Dropping my toddler off at daycare can swing from “good days,” when she runs off to join the other kids playing with toy dinosaurs, barely giving us a backward glance, to other days when she’s stuck to her father’s leg like a barnacle. Just like my daughter, many children go through periods of upset when it is time to leave a parent or caregiver. And it’s certainly not easy on the parents, either.
Separation anxiety can start in children as young as four to five months old, soon after they start gaining an understanding of object permanence, and it peaks when they’re toddlers. Most children will outgrow daily separation anxiety around age 2, but some older children can still retain some feelings of it. What’s the best way to help children of all ages understand and manage separation anxiety?
Infants, Toddlers, and Preschoolers
The American Academy of Pediatrics suggests making a goodbye ritual, and keeping it short and consistent. The longer you linger saying goodbye to your children or the more you change it up from day to day, the more anxious your child is likely to become. Give your child your full attention when you’re leaving and practice being apart, before it becomes a regular part of your routine.
Looking for a book to help? The Kissing Hand shares the worries of a young raccoon heading to school for the first time and the little ritual his mother creates to keep them connected when they are apart. It’s a staple for many parents and in many classrooms.
School-Aged Children and Young Adults
Separation anxiety peaks in toddlers, and often goes away in children after the age of two. Although, if your older child is still showing signs of separation anxiety as summer break comes to a close, similar rituals that you used when they were toddlers will likely still do the trick. Practice going back to school, drive past the playground, find some of your child’s friends and get you and your child into a predictable routine. All of these will help ease your child’s anxiety about going back to school.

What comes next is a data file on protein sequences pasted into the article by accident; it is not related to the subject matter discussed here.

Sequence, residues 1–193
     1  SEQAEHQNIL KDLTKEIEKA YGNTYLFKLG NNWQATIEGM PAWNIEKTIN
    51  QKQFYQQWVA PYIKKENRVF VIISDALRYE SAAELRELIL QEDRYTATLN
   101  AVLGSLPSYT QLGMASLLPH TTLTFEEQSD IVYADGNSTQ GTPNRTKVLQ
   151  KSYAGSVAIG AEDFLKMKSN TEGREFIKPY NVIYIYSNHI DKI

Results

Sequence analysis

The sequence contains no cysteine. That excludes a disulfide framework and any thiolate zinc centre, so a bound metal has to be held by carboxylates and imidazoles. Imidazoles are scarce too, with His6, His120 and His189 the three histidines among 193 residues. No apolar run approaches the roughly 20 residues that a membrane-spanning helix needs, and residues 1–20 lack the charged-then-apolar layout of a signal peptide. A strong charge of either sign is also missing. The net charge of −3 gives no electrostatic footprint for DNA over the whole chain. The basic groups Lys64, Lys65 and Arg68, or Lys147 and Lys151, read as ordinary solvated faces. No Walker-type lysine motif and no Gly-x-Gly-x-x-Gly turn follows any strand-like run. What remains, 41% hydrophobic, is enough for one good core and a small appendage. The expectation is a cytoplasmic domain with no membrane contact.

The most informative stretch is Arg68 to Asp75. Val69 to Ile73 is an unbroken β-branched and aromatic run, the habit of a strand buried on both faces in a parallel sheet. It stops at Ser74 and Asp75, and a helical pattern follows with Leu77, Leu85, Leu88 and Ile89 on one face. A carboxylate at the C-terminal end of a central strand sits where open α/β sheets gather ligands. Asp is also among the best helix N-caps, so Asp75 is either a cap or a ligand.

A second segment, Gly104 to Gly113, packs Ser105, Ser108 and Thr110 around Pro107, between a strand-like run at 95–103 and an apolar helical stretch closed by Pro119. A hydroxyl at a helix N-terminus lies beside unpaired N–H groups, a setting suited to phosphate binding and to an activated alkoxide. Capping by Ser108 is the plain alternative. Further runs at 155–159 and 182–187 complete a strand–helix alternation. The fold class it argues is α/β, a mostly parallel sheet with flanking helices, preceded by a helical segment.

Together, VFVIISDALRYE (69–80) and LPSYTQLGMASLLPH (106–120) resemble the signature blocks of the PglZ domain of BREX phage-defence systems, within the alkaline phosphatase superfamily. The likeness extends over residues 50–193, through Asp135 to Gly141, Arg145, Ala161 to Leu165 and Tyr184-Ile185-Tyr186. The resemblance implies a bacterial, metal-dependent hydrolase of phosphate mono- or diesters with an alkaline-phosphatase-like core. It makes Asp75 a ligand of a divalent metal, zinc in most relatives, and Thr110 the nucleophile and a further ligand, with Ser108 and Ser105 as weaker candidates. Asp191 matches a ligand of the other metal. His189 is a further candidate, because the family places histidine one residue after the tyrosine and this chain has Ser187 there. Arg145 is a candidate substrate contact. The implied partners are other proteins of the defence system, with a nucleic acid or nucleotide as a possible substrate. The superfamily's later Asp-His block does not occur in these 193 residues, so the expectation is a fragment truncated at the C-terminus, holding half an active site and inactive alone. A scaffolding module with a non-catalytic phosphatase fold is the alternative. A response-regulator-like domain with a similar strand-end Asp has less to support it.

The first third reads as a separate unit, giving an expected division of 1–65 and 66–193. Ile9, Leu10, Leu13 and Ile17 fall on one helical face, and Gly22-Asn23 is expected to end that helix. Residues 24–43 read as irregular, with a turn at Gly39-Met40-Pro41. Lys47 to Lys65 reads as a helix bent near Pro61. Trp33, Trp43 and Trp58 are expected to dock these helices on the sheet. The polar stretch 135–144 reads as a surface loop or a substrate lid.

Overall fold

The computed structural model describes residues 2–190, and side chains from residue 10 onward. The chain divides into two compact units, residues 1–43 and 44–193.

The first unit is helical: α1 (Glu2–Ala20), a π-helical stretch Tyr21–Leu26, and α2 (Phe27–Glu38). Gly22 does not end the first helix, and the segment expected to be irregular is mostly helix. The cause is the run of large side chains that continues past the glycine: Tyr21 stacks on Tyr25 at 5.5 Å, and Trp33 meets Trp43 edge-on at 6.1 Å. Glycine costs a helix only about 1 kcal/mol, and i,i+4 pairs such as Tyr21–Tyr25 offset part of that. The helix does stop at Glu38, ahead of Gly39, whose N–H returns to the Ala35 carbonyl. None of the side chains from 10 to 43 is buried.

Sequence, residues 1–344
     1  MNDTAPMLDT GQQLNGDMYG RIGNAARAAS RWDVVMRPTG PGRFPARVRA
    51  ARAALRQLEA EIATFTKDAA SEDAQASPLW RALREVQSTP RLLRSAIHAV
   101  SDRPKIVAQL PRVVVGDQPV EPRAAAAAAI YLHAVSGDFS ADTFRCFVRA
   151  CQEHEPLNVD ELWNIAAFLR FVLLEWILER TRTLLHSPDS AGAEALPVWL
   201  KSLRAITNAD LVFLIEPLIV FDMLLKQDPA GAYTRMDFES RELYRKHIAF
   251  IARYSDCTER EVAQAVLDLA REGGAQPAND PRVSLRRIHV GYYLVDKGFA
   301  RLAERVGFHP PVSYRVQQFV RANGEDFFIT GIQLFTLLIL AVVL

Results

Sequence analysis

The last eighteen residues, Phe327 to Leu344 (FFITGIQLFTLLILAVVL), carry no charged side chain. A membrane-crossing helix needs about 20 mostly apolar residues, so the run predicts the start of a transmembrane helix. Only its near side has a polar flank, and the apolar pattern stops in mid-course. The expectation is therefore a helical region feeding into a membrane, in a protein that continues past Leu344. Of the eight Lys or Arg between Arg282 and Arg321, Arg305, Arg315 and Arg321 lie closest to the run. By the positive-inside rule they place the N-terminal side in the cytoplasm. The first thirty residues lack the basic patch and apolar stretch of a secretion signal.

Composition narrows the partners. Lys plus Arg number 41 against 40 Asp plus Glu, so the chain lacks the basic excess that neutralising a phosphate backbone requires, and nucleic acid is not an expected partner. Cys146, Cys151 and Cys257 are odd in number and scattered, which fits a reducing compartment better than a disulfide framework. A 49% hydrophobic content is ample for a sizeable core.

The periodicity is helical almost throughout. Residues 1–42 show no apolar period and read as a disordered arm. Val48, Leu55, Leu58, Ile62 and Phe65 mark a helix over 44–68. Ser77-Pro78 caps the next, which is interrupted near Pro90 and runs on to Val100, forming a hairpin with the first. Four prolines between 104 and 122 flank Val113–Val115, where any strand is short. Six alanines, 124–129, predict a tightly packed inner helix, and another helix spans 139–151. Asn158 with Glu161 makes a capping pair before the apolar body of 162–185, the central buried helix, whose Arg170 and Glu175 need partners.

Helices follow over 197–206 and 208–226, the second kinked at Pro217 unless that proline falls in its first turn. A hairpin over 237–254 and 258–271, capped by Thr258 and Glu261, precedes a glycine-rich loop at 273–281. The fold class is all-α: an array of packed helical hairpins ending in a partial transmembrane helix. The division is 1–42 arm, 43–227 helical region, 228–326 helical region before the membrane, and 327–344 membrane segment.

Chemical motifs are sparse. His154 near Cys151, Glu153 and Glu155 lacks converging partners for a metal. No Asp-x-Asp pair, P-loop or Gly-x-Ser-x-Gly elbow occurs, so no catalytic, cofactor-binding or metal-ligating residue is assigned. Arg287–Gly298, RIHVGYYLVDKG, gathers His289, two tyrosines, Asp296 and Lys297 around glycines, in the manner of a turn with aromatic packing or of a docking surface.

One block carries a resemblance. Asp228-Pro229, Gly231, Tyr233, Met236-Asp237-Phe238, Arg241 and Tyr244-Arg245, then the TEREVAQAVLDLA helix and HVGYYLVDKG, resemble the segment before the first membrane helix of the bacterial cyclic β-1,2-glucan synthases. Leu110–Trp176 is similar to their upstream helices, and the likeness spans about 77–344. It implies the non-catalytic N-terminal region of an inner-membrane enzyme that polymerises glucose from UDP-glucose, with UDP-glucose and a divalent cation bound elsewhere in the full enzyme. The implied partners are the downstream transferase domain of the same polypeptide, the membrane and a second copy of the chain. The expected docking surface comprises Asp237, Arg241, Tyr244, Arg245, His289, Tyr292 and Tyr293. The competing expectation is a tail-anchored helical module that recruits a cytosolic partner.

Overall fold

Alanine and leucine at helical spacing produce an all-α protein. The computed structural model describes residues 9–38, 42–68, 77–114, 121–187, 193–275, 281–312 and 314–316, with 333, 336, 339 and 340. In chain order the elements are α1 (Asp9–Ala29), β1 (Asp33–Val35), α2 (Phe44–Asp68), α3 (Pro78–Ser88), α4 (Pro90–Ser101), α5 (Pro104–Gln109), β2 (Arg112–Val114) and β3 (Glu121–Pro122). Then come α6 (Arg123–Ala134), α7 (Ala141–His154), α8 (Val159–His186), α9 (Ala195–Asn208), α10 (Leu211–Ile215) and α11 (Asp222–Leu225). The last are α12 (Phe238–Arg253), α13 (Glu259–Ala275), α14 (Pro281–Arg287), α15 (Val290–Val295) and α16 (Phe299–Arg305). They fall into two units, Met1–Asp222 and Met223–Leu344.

Some older children and even young adults can have severe separation anxiety. Older children with persistent, severe separation anxiety may need to be examined by their doctor to determine if they have separation anxiety disorder. This type of severe separation anxiety is rare in children, affecting about 4-5% of older children and only 1.3% of teenagers in the U.S. Talk to your child’s doctor if you have concerns about their separation anxiety.
TapGenes TakeAway: Separation anxiety peaks in toddlerhood but can last for years. Having a quick, consistent good-bye routine can help your child (and you) cope.
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